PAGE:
Just days after the BLM announced their proposed supplementary rule which would prioritize conservation, the US Forest Service released a proposed rule that also has the same deadline, June 20, 2023 for public comment. Please join with BRC and others and submit a comment to the U.S. Forest Service that another bureaucratic rule is not the answer to healthy forests- proactive management is.

Full Briefing:

Due to increasing wildfires across national forests the U.S. Forest Service has issued a proposed rule seeking public comment on organization, functions and procedures of the USFS. Recently, Randy Moore the Chief of the U.S. Forest Service was questioned by the House Natural Resources Committee. Representatives on both sides of the aisle called for better management of our nations forests as homes and lives have been utterly destroyed through the mismanagement of our national forests.

The real problem is the lawsuits that come from environmental groups when the USFS tries to move forward with vegetation projects that help manage the land for hazard fuels. In a recent interview Moore said, “We need to identify publicly acceptable ways to reduce the vegetation buildups that are fueling these wildfires.” What exactly is “publicly acceptable”? BRC recently participated in objection resolution meetings for national forests in California to move forward with hazardous tree removal along roads. The fact that environmental groups showed up to oppose the project proves there will never be “publicly acceptable” forest treatments and management for these environmental groups.

In addition to hazardous tree removals, which make burned forests accessible, vegetation reduction treatments remove fuels that propel wildfire and allow for continued access for management and emergency response teams. It is also clear that years spent eliminating roads in our national forest has resulted in a loss of the fire break that roads create. In the hearing, “Moore acknowledged that environmental groups’ lawsuits over timber projects and endangered species along with previous policy decisions to limit access to roadless areas in the National Forest System made it harder to treat areas.”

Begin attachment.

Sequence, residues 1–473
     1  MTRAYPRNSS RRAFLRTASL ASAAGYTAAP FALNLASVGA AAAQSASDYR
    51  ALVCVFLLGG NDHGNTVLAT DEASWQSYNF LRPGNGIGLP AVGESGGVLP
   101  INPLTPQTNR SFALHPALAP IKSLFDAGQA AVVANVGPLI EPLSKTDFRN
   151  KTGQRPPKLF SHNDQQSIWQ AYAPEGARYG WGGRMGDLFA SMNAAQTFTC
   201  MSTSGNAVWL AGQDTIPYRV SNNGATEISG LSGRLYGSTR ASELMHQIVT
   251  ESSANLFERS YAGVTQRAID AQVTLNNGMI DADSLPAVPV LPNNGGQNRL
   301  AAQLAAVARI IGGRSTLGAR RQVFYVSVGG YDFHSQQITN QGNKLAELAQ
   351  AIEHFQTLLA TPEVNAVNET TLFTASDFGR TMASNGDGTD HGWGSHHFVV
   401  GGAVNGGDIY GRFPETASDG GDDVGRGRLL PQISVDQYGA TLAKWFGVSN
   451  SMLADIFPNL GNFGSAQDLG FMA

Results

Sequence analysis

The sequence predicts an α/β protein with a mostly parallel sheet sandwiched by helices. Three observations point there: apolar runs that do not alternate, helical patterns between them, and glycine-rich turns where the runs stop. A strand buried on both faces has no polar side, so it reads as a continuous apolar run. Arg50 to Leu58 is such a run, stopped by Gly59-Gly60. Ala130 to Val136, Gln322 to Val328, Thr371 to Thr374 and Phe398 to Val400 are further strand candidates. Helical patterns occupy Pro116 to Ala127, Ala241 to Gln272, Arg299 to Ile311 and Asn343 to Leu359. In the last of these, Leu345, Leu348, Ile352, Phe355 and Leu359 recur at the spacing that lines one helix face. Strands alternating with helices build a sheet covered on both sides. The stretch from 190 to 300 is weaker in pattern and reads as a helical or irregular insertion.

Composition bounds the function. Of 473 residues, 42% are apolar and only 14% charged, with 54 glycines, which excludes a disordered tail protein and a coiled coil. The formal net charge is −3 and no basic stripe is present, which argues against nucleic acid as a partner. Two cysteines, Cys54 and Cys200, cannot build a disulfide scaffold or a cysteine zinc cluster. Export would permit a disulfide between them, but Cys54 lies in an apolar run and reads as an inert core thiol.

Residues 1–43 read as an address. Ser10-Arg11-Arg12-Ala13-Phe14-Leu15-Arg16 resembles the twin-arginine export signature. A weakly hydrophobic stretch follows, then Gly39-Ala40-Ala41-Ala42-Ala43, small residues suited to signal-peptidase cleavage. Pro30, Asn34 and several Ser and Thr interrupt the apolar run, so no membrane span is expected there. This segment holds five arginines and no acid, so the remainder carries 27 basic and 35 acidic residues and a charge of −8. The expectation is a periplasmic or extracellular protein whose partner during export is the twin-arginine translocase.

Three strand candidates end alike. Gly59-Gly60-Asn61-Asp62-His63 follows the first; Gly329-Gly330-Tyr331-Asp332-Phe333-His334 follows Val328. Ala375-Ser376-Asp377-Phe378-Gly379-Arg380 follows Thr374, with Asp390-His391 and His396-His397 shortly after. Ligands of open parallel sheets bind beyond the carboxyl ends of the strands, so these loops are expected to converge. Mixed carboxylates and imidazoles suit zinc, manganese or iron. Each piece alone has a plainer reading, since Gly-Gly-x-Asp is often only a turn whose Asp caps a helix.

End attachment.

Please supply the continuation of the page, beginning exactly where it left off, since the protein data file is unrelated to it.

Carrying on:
“Currently the Forest Service commercially harvests one tenth of one percent of acres within the National Forest System each year,” according to the proposed rule. There are over 193 million acres of forest service land. This equates to the Forest Service harvesting only 193,000 acres. The USFS data shows that wildfire, insects and disease has adversely impacted more than 25 percent of the 193 million acres across the National Forest System. The math simply does not add up why environmental groups will not support more management of our nations forests.

We don’t need to prioritize conservation on public land. We need to prioritize management.